Early Childhood Development Free Online Course: Part 1 – Why Invest in ECD?

Note: This post is part of a series of three explaining what is covered under the why (part 1), what (part 2), and how (part 3) modules of the World Bank’s online course.

by Quentin Wodon

“The child who has gone to a preschool can study in primary school with more ease than a child who joins a primary school directly”. Unfortunately, “preschool fees range from 50,000 to 150,000 Shillings (US$ 20-60) per term of three months. Most parents cannot afford this, so many of them wait until their children are of age to start primary school”.

These quotes from Ugandan villages illustrate how parents value investments in young children, but often cannot afford them. The same is true for healthcare and nutrition. Early years are essential for children’s development. Unfortunately, investments in early childhood development (ECD) remain low in most countries. This is the case not only for governments, but also for the private sector and philanthropies. Investments in ECD can be shown to have larger returns than investments later in life. And yet public and private resources allocated to ECD are small in comparison to resources invested in other areas.

ECD

Complexity of ECD

The lack of sufficient investments in ECD stems in part from the complexity of the field. The fact that the early years of a child – from birth to seven or eight years – are crucial is now well recognized in the scientific literature. But ECD policies and programs are complex and managed by multiple public and private service providers, regulatory agencies, and ministries, including those in charge of education, healthcare, and social protection. Policy makers and practitioners may be expert in one specific area –maternal or child mortality, preschool education, nutrition, or child protection. But their knowledge of other areas may be limited. It is of course not necessary for all to be experts on all matters related to ECD. But more awareness of the comprehensive nature of the investments needed would help in improving ECD programs and marshalling more resources towards them.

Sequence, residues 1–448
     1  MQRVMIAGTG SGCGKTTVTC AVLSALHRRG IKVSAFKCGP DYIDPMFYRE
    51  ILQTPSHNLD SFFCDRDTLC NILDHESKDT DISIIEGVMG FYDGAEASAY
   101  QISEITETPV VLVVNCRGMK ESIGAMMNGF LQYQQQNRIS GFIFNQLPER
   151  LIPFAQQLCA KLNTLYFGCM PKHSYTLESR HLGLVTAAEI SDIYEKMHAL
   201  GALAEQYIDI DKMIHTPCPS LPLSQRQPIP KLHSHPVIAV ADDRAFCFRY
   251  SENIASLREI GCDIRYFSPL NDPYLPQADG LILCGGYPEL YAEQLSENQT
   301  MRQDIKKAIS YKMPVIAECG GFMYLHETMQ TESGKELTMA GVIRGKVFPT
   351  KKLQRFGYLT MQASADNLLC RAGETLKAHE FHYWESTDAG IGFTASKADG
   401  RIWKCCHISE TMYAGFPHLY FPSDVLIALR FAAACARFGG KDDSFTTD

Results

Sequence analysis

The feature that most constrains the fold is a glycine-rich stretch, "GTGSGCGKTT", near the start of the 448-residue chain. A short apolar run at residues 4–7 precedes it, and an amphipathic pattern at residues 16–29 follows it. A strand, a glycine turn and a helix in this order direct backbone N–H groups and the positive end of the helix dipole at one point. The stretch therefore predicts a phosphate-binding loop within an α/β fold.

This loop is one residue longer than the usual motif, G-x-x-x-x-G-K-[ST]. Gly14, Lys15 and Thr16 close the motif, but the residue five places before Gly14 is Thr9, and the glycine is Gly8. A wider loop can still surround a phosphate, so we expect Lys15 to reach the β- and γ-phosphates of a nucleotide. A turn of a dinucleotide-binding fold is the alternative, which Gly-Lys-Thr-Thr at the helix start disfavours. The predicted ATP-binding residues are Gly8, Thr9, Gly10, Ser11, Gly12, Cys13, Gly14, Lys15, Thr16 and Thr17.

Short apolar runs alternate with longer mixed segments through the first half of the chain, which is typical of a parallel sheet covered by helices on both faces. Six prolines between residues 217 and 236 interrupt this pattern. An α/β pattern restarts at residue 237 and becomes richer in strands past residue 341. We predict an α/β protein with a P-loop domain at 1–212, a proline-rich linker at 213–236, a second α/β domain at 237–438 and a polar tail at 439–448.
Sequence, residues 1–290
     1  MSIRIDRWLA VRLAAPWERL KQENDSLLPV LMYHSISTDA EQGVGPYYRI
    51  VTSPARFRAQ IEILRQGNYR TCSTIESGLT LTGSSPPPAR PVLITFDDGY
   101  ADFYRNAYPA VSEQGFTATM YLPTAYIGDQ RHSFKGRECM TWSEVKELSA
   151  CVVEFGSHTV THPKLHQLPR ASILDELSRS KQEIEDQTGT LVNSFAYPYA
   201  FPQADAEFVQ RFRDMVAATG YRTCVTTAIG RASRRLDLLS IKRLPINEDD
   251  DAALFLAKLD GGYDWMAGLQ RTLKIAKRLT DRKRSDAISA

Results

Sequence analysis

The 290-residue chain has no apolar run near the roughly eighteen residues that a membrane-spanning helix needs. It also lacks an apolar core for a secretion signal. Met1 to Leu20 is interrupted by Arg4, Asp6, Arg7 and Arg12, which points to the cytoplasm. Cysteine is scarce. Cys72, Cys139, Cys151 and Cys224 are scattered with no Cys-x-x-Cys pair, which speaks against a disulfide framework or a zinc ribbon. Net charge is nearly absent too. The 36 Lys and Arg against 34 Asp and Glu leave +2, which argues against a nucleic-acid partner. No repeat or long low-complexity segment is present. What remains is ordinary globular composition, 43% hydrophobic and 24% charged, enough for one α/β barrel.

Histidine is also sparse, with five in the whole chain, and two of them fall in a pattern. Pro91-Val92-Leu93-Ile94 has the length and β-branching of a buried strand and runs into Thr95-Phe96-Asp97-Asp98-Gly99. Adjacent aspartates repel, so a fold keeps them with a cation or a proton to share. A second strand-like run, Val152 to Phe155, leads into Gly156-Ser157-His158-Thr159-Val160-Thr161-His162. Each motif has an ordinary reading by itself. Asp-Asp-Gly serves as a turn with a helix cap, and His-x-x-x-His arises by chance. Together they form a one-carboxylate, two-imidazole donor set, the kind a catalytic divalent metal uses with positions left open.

To some extent, service club organizations such as Rotary, Kiwanis, and Lions are an exception in terms of their investment strategies. Their signature initiatives all focus on young children – these are polio eradication through vaccination for Rotary, tackling iodine deficiency for Kiwanis, and avoiding blindness and promoting child health for Lions. But again, few members of service clubs are aware of what needs to be done more broadly to give each child a great start in life. And to some extent, the same is true for policy makers and practitioners.

New Online Course

The good news is that resources are available to learn about ECD. These resources now include a new and free online self-spaced e-learning course from the World Bank. The course consists of three interactive web-based modules that aim to answer three simple questions: (1) Why invest in ECD?; (2) What matters for ECD?; and (3) How to implement ECD interventions. The online course takes four to five hours to complete (about 45 minutes for the first module, 75 minutes for the second, and 120 minutes for the third). The completion of the three modules need not be done in one go – each individual learner can go through the course at her/his own pace, stop for a while, and come back later. After each topic questions are provided for review.

This post is the first in a series of three on this e-learning course that aim to answer in a concise way the above three questions: the why, what, and how of ECD. The hope is that the three posts will enable readers to decide whether it would be worthwhile for them to take the online course, and if they do not, to at least provide them with a few useful resources on ECD.

Why Invest in ECD?

So let’s start with the first question – which is actually the easiest and fastest to answer of the three. Why should governments, NGOs, and service clubs invest in ECD? There are both scientific and economic arguments in favor of investments in young children.